Collier: “Casey is a guy that has incredible talent. I think a lot of the new terminology and things like that have been hard for him early on, but the last practice he had was the best practice he had. But when he knows what he’s doing and when it’s clicking for him he has incredible ability. So when we put it all together for him, he has the ability to be a rare talent, and so I think that’s coming down the road. Casey is a great kid and he works really hard every single day. And at one point he really has a real opportunity to be a special player here.”

Milek: “Milek has really done a phenomenal job, to come in and he gives us the opportunity to move Justin Dedich around who’s having a great spring. Dedich is probably, you could argue right now through camp one of the toughest, hardest players, hardest-working players we have out there. Because what Milek has been able to do at center has given us the ability to move DeDe around and give him the opportunity to really push and compete at other spots than just the center position. Those two guys have been extremely valuable for us to work different lineups and get different people in the rotation so that we can get looks at other people at different spots.”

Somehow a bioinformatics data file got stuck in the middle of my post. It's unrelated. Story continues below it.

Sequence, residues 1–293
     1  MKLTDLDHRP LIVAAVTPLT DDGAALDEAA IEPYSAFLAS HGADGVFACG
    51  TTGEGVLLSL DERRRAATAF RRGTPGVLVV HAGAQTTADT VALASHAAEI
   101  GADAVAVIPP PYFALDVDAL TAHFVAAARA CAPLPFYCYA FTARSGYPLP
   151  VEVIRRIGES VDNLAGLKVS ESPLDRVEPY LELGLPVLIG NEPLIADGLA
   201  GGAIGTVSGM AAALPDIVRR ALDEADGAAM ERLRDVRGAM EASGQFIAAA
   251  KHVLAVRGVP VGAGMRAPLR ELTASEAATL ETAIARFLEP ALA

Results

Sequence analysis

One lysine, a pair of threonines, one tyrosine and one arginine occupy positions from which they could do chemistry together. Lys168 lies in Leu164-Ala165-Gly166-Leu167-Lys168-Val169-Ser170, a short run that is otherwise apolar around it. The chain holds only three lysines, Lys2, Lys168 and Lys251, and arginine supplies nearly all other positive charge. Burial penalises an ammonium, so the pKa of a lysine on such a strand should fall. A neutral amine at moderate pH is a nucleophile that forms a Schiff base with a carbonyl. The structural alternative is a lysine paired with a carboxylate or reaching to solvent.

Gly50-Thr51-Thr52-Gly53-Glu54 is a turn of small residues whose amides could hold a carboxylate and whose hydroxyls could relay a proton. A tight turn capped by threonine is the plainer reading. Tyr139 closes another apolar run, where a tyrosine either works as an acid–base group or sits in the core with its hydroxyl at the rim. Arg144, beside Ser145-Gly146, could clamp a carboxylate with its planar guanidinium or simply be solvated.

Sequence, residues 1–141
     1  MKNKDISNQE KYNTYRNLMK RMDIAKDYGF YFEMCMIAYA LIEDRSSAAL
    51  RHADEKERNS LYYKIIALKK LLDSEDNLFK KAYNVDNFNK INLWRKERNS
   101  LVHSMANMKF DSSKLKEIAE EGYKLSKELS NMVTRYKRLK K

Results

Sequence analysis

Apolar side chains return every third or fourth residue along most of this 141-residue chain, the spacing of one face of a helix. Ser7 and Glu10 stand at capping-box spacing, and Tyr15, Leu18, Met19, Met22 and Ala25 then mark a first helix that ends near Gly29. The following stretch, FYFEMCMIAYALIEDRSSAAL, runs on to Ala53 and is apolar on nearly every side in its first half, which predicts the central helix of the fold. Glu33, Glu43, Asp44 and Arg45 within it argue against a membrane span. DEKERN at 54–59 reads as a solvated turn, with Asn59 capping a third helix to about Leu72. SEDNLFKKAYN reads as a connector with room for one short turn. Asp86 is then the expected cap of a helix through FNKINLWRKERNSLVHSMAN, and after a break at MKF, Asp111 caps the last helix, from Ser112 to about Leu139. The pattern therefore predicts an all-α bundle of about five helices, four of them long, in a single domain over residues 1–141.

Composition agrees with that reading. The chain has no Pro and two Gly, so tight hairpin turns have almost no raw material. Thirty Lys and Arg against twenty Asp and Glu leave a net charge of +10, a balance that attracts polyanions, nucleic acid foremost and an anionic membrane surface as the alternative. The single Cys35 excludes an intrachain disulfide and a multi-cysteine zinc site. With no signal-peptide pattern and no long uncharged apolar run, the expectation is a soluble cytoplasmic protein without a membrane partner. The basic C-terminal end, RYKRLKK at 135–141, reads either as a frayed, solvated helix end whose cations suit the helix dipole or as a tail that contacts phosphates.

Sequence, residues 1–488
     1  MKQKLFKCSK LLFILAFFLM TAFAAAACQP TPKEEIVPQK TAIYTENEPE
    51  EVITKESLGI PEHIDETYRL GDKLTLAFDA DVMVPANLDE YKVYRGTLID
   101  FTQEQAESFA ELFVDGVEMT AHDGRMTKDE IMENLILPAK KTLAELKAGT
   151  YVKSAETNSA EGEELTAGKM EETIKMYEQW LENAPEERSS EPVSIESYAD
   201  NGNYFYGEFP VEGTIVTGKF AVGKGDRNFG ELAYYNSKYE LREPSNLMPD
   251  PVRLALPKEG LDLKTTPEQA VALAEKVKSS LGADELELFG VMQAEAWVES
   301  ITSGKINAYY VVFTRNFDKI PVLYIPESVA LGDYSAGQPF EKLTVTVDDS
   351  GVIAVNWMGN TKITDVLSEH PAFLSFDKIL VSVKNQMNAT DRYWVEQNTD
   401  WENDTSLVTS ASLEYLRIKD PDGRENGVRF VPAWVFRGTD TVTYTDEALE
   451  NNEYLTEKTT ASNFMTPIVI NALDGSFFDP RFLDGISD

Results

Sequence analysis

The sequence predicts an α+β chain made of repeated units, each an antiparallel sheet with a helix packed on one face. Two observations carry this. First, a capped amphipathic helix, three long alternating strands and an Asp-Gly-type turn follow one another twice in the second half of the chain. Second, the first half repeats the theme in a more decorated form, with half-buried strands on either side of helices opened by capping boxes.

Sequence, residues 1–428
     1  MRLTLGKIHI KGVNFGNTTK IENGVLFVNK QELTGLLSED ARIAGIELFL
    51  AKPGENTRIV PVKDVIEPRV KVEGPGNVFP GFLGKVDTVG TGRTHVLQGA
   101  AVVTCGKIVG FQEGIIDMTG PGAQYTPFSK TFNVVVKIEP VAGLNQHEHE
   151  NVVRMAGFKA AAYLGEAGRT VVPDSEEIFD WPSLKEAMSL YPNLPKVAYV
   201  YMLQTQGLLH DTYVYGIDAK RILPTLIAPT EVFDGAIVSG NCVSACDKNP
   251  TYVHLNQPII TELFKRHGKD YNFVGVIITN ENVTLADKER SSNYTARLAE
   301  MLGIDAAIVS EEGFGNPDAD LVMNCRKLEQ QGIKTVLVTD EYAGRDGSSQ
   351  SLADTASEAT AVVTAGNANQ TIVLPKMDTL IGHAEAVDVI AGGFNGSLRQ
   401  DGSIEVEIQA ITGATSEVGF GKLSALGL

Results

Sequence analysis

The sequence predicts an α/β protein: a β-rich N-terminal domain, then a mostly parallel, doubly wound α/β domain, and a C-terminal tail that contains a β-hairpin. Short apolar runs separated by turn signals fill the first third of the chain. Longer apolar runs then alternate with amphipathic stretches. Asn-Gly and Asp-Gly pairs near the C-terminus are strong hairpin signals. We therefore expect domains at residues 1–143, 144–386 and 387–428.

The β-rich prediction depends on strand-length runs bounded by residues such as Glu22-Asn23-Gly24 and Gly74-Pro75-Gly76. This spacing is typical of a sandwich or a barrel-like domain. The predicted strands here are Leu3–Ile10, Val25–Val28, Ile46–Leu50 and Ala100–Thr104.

Milek also generated praise from McKenzie, when he was asked if any of the young linemen have stood out to him.

“I’ve been really proud of Andrew Milek … being able to come in as a new guy — it’s his first spring [at] center and just being able to try to take everything in and learning every day, I’ve seen his improvement every day and his confidence grow,” McKenzie said. “I think that’s the biggest thing is seeing guys’ confidence grow and seeing guys get a real foothold in the system.”

Changes under McGuire

A clear statement was sent this offseason when USC fired offensive line coach Tim Drevno and brought in McGuire, who has an extensive history working in Air Raid offenses under Mike Leach and Kliff Kingsbury at Washington State and Texas Tech (among other stops, both an OL coach and RBs coach at times).